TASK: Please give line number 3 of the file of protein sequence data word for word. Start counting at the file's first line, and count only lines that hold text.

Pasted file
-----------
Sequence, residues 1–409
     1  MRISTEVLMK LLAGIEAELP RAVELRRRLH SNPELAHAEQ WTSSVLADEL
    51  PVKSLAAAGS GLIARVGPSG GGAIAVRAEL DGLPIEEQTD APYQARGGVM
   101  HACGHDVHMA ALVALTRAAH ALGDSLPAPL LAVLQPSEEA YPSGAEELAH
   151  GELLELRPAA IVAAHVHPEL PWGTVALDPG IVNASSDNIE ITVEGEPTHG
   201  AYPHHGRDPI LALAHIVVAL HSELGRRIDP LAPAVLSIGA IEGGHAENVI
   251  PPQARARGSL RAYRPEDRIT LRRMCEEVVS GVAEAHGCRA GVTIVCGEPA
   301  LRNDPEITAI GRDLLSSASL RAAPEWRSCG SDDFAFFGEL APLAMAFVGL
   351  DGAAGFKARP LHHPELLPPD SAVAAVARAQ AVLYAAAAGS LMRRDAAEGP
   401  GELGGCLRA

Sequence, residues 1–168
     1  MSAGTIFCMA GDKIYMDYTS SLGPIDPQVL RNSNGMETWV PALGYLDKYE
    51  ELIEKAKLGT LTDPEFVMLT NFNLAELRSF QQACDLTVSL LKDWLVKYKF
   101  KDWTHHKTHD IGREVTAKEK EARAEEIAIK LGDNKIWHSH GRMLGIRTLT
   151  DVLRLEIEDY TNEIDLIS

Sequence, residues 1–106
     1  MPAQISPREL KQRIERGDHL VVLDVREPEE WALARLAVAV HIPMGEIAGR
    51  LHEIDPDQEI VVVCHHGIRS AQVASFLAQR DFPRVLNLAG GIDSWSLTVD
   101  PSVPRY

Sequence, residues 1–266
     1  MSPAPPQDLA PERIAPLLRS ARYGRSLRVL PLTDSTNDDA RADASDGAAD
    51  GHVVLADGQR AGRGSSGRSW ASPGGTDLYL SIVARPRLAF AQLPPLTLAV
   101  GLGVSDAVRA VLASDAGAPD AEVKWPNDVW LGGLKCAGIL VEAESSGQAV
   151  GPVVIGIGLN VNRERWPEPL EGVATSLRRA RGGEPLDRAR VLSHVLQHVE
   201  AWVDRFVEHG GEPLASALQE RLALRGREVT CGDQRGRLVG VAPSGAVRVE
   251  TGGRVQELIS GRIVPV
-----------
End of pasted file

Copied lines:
    51  PVKSLAAAGS GLIARVGPSG GGAIAVRAEL DGLPIEEQTD APYQARGGVM